During the Monterey Park rally, Warren again raised questions about how effective Bernie Sanders would be as president, though she did not name him. “It’s not enough to have big ideas. It takes a plan to turn those ideas into reality,” she said. “We need a nominee who has unshakeable values and who has a real track record for winning hard fights,” Warren said of her candidacy. Sanders’ supporters often accuse Warren of not having “unshakable values.” Just after Warren appeared on stage, three topless animal rights protesters stormed the stage and were escorted away by police. “I love Los Angeles,” Warren said, before launching into a speech about the power of protest.


ON THE $$$

A record amount of money is being spent on TV, radio and digital ads heading into Super Tuesday, according to CBS News political unit associate producer Sarah Ewall-Wice. Just hours before some of the first polls closed in the 14 states holding contests, spending hit nearly $260 million by the candidates still in the race. Of that money, Bloomberg had contributed more than 90% with nearly $237 million spent in Super Tuesday states. Bernie Sanders spent just $18.4 million, while Elizabeth Warren and Joe Biden spent just over $2 million apiece. Warren however, had the help of the Persist PAC which spent more than $11 million to her benefit in Super Tuesday states. Biden also has Super PAC help but it only contributed about half a million dollars for ads in the 14 states.  Since Saturday night, three democratic presidential candidates exited the race, but not before spending as well in Super Tuesday states. Tom Steyer spent nearly $45 million, Pete Buttigieg spent nearly $2.5 million and Amy Klobuchar spent $4.8 million on ads in Super Tuesday states before calling it quits. Buttigieg and Klobuchar have each since endorsed Joe Biden for president.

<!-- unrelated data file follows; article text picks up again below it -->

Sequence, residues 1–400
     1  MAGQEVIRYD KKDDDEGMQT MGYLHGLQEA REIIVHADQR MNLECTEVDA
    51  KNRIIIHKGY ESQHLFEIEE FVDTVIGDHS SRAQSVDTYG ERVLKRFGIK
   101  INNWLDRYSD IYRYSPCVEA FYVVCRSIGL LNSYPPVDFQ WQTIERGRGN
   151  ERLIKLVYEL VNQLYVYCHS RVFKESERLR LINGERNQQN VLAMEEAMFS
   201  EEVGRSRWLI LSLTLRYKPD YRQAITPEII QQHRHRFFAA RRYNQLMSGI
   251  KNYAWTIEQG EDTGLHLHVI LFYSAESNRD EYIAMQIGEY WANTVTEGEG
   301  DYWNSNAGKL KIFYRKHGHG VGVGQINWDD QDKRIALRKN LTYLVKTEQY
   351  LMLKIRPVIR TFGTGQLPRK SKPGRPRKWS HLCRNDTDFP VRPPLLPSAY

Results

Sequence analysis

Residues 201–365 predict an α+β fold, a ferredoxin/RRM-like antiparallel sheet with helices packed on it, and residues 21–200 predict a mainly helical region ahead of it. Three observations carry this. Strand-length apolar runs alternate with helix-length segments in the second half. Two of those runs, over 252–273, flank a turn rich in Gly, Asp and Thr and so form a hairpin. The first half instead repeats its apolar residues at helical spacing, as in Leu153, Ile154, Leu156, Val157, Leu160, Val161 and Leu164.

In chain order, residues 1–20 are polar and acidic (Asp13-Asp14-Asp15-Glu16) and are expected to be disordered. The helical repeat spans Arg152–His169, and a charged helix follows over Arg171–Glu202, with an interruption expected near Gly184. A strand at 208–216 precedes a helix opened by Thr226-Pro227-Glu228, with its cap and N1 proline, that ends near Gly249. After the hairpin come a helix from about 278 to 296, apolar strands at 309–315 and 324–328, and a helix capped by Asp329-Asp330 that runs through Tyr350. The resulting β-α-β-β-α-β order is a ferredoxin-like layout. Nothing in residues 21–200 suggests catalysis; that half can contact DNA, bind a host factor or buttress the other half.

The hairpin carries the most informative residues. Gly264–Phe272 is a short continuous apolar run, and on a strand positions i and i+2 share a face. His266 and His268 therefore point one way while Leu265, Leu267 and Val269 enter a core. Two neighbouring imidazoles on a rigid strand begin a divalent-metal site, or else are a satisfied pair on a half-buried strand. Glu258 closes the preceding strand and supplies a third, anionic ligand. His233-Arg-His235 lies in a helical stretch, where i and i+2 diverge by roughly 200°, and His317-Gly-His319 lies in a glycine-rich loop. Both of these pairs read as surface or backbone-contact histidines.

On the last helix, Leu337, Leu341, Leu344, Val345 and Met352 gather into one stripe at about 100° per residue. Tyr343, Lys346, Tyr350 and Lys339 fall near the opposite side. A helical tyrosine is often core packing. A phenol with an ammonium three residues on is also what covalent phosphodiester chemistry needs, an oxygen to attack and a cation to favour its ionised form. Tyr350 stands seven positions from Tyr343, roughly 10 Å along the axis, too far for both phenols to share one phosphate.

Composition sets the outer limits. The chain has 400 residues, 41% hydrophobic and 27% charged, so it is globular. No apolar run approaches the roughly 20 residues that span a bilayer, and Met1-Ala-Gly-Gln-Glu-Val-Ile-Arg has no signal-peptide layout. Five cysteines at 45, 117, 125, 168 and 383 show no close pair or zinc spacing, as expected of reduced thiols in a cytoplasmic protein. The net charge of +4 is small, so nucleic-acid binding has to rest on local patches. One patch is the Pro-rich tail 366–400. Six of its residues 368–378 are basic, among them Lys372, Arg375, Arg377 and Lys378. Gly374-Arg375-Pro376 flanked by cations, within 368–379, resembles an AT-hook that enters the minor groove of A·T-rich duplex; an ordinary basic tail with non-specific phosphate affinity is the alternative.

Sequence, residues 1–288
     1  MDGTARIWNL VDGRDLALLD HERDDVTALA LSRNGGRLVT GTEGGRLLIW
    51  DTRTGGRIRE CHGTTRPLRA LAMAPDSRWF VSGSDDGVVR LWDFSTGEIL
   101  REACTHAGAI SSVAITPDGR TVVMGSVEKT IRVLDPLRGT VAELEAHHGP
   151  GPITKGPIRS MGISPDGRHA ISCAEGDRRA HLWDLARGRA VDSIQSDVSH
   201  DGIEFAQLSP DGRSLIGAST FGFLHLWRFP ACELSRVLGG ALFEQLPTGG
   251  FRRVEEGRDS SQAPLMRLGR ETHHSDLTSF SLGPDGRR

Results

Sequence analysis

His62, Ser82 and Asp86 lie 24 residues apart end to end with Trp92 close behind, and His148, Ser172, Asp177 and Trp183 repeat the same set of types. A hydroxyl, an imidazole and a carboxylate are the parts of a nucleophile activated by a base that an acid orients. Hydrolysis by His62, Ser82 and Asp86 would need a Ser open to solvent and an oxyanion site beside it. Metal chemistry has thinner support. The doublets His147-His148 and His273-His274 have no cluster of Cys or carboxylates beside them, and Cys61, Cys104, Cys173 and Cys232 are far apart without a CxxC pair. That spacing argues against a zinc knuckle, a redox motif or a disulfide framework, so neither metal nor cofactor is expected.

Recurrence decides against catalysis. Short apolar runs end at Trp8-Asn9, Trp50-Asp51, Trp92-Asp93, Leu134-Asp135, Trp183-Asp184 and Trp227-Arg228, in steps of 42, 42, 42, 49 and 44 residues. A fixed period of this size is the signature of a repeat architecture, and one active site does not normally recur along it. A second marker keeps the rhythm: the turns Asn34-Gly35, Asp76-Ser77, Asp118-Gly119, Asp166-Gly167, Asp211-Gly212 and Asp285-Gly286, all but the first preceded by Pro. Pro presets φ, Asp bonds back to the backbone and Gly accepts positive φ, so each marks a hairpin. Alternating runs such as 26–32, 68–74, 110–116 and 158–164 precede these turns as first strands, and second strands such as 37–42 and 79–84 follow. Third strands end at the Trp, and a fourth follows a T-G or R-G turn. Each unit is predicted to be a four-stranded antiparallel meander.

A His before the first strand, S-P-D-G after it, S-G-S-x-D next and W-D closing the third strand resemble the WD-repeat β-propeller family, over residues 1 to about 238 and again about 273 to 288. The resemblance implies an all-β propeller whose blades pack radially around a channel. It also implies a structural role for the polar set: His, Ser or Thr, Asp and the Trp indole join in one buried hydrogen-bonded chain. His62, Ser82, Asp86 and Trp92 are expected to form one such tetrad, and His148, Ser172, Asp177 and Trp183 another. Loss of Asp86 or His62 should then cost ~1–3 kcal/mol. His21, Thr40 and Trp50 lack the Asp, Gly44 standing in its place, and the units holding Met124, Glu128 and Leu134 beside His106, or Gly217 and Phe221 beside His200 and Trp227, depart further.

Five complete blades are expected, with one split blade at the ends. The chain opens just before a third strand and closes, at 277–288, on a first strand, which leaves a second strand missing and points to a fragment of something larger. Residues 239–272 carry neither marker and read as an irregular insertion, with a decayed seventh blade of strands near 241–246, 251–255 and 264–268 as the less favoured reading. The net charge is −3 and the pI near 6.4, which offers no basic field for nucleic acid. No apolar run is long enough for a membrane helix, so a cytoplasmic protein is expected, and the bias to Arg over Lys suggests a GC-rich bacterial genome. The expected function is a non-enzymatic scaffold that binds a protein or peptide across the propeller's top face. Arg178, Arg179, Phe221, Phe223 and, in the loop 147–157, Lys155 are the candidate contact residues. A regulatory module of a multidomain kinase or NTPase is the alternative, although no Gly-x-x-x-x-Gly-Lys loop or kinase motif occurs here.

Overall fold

The Texas 28th Democratic primary result could give a lot of clues about the strength of the progressive movement in Texas, no matter who wins says CBS News political unit broadcast associate Aaron Navarro. The challenger, Jessica Cisneros, headed into Tuesday with a fresh endorsement from EMILY’s list and over $2 million raised. She is the bonafide progressive candidate, with endorsements from Congresswoman Alexandria Ocasio-Cortez, and Senators Bernie Sanders and Elizabeth Warren. She’s trying to defeat blue dog Democrat Representative Henry Cuellar, a 15-year incumbent. And while she’s drawn comparisons to Ocasio-Cortez’s 2018 upset of Congressman Joe Crowley, this southwest Texas district is not too similar to the Bronx or Queens that Ocasio-Cortez represents. But Cisneros has tapped into issues, such as immigration and getting money out of politics, that have become prevalent in her district.  “If enough women and young voters are activated, Cisneros will have the advantage,” a memo sent out by her campaign states. “We expect a strong showing in the Rio Grande Valley to be critical to Cisneros’ success tonight. If we win Laredo outright, it’s going to be an early night.” Another Texas representative being challenged, Kay Granger, recently got another Twitter endorsement from the president. But she’s facing big money from the side of her opponent, Christ Putman.  According to the Dallas Morning News, $1.1 million has been spent by the Protect Freedom PAC in advertising against Granger.